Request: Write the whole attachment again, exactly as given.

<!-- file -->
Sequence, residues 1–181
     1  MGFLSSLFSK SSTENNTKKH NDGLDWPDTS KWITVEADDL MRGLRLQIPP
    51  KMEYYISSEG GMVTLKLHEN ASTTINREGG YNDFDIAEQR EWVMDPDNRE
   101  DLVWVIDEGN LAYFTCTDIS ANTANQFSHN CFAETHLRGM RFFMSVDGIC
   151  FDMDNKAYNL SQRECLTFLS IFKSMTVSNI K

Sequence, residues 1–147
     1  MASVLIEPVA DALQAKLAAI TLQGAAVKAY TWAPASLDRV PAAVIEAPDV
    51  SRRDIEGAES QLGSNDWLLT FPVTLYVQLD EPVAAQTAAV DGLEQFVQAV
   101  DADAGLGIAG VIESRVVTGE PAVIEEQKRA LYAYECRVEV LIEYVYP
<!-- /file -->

Sequence, residues 1–181
     1  MGFLSSLFSK SSTENNTKKH NDGLDWPDTS KWITVEADDL MRGLRLQIPP
    51  KMEYYISSEG GMVTLKLHEN ASTTINREGG YNDFDIAEQR EWVMDPDNRE
   101  DLVWVIDEGN LAYFTCTDIS ANTANQFSHN CFAETHLRGM RFFMSVDGIC
   151  FDMDNKAYNL SQRECLTFLS IFKSMTVSNI K

Sequence, residues 1–147
     1  MASVLIEPVA DALQAKLAAI TLQGAAVKAY TWAPASLDRV PAAVIEAPDV
    51  SRRDIEGAES QLGSNDWLLT FPVTLYVQLD EPVAAQTAAV DGLEQFVQAV
   101  DADAGLGIAG VIESRVVTGE PAVIEEQKRA LYAYECRVEV LIEYVYP